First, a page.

Anterior Compartment Syndrome:
Muscles at the front of the shin are enclosed withing a connective tissue (fascial) sheath known as the anterior compartment. This sheath does not have a lot of flexibility to it. When running, the muscles become "pumped up," filling with blood. This increases the muscles' volume. Given the inflexible nature of the sheathing, pain ensues. Pain classically comes on shortly after the beginning of the run and will reduce significantly after 30 minutes of rest. This condition is often seen in runners that are rapidly building their distance, perhaps because the fascia has not had time to expand with the muscle development. At rest, the muscle is minimally tender to touch. Circulatory symptoms to the foot are possible, such as coldness or tingling/numbness.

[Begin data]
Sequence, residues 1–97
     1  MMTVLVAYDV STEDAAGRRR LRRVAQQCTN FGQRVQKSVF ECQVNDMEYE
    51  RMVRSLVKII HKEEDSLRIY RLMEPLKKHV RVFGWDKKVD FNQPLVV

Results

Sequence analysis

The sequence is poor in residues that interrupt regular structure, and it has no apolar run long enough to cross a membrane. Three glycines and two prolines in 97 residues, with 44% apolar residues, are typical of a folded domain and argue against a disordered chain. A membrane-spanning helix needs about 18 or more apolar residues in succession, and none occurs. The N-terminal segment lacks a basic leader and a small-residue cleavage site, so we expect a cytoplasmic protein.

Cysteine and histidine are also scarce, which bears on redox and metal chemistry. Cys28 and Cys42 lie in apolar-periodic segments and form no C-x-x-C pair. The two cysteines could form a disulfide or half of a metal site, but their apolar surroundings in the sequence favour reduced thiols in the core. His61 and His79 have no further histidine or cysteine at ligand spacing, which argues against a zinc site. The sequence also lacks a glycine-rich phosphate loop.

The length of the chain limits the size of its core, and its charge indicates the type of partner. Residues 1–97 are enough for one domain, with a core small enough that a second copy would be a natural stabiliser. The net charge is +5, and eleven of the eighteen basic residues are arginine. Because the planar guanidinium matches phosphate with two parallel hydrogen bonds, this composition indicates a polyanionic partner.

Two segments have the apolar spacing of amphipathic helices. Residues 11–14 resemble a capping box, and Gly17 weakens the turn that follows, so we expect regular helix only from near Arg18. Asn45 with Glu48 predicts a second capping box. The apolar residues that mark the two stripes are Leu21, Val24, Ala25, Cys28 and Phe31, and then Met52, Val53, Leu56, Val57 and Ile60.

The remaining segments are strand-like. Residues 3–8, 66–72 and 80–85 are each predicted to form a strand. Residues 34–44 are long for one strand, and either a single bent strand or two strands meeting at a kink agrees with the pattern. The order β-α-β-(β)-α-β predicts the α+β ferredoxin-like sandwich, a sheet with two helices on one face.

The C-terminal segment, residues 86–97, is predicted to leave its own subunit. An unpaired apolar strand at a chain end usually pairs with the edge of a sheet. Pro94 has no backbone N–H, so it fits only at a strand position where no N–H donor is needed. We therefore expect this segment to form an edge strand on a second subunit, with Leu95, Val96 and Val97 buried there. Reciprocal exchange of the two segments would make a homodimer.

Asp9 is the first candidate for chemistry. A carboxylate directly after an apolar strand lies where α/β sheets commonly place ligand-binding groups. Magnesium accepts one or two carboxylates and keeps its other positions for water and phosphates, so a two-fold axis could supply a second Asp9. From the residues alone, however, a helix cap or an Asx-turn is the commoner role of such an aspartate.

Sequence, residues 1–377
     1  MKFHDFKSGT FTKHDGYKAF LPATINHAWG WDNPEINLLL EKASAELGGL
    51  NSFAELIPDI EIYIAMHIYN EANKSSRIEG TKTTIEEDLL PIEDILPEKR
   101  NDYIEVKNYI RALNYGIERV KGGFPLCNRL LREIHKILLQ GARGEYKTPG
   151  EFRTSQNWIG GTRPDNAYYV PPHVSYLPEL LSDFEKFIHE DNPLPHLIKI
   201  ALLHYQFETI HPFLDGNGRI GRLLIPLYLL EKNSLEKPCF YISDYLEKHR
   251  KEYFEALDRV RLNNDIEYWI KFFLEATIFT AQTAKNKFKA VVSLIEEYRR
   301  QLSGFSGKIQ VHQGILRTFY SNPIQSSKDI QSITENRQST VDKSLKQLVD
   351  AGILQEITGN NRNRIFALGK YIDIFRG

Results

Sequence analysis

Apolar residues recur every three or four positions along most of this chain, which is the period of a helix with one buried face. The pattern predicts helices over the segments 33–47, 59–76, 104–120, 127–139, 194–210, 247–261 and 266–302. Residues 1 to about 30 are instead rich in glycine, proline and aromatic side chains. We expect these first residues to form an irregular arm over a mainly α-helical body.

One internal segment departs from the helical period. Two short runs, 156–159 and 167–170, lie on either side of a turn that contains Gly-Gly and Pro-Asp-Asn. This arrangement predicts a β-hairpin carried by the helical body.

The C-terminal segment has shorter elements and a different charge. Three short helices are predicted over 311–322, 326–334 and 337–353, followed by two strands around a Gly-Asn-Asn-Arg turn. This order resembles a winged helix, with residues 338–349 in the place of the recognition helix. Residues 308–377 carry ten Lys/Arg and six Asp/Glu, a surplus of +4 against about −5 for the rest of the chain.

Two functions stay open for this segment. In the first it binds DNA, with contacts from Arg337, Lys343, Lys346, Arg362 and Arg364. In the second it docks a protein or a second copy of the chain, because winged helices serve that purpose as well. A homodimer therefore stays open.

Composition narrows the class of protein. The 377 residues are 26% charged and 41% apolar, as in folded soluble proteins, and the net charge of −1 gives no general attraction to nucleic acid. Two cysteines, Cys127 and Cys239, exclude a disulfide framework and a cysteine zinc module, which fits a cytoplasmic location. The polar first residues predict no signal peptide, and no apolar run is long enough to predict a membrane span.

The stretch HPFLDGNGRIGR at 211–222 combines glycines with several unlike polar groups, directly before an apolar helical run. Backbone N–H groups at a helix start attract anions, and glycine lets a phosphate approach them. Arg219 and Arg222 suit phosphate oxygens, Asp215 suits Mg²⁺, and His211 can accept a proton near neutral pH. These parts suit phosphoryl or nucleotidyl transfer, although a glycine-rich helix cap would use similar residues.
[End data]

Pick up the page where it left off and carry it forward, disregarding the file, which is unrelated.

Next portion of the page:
Medial Tibial Stress Syndrome:
Pain along the bony shin is most likely Medial Tibial Stress Syndrome (MTSS). The tenderness is thought to be caused by muscle pulling on the outer layers of the bone, causing irritation. Pain is typically present at the beginning of the run, easing as the run progresses. Pain then returns when the runner is at rest, often hours later.
Stress fractures appear very similar to MTSS. Stress fractures are when cracks form in the bone from the heavy demands of running. Pain is felt along the tibia, or shin bone, typically the lower 1/3. Pain is present at the beginning of the run and increases as the run progresses. The bone is tender to touch at rest.
It's crucial to get the diagnosis right as treatment is dependant on the condition. The only way to be sure of your diagnosis is with a thorough examination. X-ray examination may be necessary and we have digital x-ray facilities on site. Seek professional advise from someone experienced in sports injuries.
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